When the bones are removed from a chicken breast, there's one small finger-shaped piece that hangs off the backside of the breast. This piece is called a goujonette in France, but in the United States it is often removed from the chicken breast and sold separately as something called a chicken tender. Chicken tenders are the perfect shape for making low-fat homemade chicken fingers.
1 cup plain dried breadcrumbs
1/2 teaspoon salt
1/4 cup flour
1/4 cup egg substitute or 2 egg whites
1 tablespoon water
1 pound chicken tenders
2 tablespoons honey
2 tablespoons Dijon mustard
1 tablespoon lemon juice
1. Preheat the oven to 450°F. Spray a large baking sheet with nonstick cooking spray.
2. On a plate, combine the breadcrumbs and salt. Place the flour on another plate. In a shallow bowl, beat the egg substitute with the water.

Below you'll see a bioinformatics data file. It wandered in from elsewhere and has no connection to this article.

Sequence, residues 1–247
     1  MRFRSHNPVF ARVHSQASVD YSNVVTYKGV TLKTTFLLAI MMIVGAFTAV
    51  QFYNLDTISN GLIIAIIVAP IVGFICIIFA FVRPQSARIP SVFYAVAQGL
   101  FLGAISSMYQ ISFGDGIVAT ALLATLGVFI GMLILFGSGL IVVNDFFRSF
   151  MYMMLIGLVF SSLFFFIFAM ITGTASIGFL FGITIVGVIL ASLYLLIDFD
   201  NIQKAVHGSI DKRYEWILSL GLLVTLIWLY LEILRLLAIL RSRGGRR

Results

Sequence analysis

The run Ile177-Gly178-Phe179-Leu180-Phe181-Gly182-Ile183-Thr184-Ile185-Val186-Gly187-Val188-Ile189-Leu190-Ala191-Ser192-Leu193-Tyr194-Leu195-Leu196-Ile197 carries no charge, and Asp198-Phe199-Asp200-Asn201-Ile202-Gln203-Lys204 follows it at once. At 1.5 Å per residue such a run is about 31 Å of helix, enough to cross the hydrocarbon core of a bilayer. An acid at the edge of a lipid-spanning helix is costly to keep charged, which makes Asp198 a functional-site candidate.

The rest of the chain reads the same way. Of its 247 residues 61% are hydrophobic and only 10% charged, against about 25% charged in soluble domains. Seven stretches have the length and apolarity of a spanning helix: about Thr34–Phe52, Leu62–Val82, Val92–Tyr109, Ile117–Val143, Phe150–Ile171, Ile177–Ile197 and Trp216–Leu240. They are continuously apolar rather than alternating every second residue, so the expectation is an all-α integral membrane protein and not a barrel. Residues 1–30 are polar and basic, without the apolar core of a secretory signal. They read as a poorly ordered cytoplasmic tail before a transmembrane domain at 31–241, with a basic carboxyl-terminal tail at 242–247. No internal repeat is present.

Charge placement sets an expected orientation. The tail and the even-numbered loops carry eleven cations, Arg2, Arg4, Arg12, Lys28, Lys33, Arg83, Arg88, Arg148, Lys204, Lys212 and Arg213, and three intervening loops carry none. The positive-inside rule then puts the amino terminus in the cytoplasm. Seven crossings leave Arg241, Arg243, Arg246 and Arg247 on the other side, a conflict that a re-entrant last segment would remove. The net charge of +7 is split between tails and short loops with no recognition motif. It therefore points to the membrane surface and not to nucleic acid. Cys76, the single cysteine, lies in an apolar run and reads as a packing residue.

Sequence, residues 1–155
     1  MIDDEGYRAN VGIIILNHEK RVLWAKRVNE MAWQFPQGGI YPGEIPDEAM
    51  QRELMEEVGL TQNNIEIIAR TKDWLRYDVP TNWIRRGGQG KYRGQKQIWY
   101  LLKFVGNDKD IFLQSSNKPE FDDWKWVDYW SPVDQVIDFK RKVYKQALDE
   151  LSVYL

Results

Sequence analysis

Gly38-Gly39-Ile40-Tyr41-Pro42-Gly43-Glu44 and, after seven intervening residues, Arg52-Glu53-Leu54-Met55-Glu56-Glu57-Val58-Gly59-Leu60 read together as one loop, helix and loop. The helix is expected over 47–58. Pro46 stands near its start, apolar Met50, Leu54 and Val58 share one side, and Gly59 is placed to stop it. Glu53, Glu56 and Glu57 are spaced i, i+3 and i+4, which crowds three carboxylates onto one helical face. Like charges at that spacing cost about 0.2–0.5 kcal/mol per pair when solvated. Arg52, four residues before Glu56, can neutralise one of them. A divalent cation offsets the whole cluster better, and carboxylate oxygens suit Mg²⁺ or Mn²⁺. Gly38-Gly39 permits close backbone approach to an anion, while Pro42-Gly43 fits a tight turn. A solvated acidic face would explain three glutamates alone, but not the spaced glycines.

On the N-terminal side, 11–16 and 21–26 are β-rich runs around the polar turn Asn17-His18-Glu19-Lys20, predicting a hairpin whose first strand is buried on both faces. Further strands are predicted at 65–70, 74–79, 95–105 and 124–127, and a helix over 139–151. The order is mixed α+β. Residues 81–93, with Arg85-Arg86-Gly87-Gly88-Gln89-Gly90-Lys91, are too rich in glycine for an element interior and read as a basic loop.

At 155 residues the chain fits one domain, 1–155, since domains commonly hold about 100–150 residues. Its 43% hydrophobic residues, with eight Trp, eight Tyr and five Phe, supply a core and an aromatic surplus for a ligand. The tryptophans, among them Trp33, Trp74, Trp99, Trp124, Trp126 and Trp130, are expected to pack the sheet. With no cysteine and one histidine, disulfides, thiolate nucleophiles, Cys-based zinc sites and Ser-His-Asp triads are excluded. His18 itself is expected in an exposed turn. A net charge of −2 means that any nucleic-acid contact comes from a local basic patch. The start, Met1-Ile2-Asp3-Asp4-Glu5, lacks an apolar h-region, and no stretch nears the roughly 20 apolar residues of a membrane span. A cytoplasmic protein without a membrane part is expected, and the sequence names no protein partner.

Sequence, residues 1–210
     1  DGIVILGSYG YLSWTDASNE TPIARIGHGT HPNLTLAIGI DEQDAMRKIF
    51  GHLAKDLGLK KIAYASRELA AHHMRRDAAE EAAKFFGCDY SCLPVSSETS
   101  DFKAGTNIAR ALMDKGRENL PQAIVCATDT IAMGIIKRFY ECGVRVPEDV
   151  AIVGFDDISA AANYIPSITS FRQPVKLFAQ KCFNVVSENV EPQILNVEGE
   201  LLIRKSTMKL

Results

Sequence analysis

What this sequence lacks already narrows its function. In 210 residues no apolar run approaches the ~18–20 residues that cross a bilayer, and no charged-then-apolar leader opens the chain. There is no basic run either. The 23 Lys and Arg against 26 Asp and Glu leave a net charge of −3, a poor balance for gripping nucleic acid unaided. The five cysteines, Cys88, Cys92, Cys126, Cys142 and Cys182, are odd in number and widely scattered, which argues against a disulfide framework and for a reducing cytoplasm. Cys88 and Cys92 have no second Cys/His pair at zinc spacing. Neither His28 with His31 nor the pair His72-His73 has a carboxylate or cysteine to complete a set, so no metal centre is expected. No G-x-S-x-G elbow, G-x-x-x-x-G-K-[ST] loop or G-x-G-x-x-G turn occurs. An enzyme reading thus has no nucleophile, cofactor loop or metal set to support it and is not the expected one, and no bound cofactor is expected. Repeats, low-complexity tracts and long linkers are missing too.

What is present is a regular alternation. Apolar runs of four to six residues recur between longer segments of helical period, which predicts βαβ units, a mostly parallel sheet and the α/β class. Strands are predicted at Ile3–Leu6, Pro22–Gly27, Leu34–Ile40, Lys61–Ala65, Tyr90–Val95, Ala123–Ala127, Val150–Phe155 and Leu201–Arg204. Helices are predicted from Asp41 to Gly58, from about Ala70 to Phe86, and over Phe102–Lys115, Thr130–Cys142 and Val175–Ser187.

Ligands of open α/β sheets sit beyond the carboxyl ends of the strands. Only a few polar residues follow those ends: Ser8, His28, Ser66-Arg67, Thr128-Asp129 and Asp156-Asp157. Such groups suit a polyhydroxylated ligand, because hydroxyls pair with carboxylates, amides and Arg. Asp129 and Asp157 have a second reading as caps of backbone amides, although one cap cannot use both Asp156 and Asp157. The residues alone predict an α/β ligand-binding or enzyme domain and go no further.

3. Dip the chicken first in the flour, then in the egg, and then in the breadcrumb mixture, patting it into the chicken. Place the chicken on the baking sheet and spray the chicken with nonstick cooking spray. Bake for 5 minutes, or until crisp and cooked through.
4. Meanwhile, in a medium bowl, stir together the honey, mustard, and lemon juice. Serve the chicken fingers with the honey-mustard sauce. Makes 4 servings
per serving: calories 311, total fat 3.6g, saturated fat 0.8g, cholesterol 66mg, dietary fiber 1g, carbohydrate 36g, protein 33g, sodium 815mg
good source of: niacin, riboflavin, selenium, thiamin, vitamin B6
Many of the recipes in this book contain off-the-shelf foods to help keep recipe prep effort to a minimum—a benefit for your arthritic hands. However, some foods—like canned beans—can hike up sodium levels. If you are carefully watching your sodium, be sure to read this before preparing this recipe: Sodium Intake and Salt in Recipes
From The Johns Hopkins Cookbook Library: Recipes for Arthritis Health, edited by John A. Flynn, M.D., F.A.C.P., F.A.C.R. and Lora Brown Wilder, Sc.D., M.S., R.D.